Why the heavily armed DMZ separating North and South Korea has become a wildlife haven

Why the heavily armed DMZ separating North and South Korea has become a wildlife haven

Active hostilities between South and North Korea ended in 1953. In the same year, the demilitarized zone was created, which is considered one of the world’s most heavily armed borders. The 260-km stretch is barred with fences and landmines and is largely empty of human activity.

Unexpected consequences of isolation

But that isolation has inadvertently turned the area into a haven for wildlife. Google released street view images of the DMZ for the first time this week, offering a rare glimpse into the flora and fauna that inhabit this no man’s land. The images are part of a project done in collaboration with several Korean institutions to mark the 70th anniversary of the Korean War armistice. Technically the war never ended as no peace treaty was ever signed. The project allows viewers to take a “virtual tour” with Google’s street view function, highlighting cultural relics and heritage sites near the DMZ such as war-torn buildings and defense bunkers, CNN writes.

Accidental paradise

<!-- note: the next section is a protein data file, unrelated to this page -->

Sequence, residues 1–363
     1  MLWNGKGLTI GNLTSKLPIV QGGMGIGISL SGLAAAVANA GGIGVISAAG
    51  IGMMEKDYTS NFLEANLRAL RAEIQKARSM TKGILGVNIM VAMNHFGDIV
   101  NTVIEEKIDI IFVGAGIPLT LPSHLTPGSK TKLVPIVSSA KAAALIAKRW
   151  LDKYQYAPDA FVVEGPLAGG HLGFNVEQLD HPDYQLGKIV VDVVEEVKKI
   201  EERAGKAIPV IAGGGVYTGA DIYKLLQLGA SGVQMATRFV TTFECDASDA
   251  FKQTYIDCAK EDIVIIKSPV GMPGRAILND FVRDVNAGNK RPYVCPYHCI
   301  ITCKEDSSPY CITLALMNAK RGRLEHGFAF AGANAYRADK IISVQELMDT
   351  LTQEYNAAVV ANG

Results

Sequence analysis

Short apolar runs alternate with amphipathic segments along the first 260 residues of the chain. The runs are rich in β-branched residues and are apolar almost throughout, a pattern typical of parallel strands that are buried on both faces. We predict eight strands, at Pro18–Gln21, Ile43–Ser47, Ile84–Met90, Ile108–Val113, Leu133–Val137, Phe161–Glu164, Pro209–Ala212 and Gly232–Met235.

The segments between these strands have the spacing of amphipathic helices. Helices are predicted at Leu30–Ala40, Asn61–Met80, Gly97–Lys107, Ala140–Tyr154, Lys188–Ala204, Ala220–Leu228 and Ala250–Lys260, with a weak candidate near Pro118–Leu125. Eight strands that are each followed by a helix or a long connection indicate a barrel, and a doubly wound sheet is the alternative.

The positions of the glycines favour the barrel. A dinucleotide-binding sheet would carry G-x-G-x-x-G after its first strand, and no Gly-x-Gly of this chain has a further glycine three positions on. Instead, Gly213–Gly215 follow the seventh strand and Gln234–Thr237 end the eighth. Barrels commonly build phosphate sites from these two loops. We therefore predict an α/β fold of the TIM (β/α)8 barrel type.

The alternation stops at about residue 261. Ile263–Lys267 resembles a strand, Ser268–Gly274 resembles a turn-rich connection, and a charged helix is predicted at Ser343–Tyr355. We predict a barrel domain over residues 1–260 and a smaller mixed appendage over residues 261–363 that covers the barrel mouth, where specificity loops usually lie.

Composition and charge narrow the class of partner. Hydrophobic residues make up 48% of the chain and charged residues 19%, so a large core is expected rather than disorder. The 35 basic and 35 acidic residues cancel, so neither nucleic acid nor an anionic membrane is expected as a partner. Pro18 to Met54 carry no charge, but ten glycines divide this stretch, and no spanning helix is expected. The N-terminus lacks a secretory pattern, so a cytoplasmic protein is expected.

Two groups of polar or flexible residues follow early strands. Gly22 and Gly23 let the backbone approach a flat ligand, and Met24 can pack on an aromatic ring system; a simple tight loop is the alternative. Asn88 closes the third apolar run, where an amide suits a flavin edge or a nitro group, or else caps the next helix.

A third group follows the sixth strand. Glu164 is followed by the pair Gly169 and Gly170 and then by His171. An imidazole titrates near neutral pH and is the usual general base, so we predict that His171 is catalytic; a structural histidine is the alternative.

Of Korea’s 267 endangered species, 38% live in the DMZ, where the new eco-system emerged. The DMZ’s inhabitants include endangered mountain goats who live in the rocky mountains; musk deer with long fangs who live in old-growth forests; otters who swim along the river running through the two Koreas; endangered golden eagles, and a young Asiatic black bear who delighted researchers. They call the region an accidental paradise.

Many voices in both the Koreas and international environmental organizations have been calling for the conservation of the DMZ for decades. But the process isn’t easy, as it requires cooperation from both Seoul and Pyongyang.

There has been some progress in recent years, with former South Korean President Moon Jae-in and North Korean leader Kim Jong Un vowing in 2018 to turn the DMZ into a “peace zone.” The following year, South Korea opened the first of three “peace trails” for a limited number of visitors along the DMZ, bringing hikers past observatories and barbed-wire fences. However, relations have deteriorated since then, with tensions skyrocketing in 2022 as North Korea fired a record number of missiles, and as a new South Korean president took office.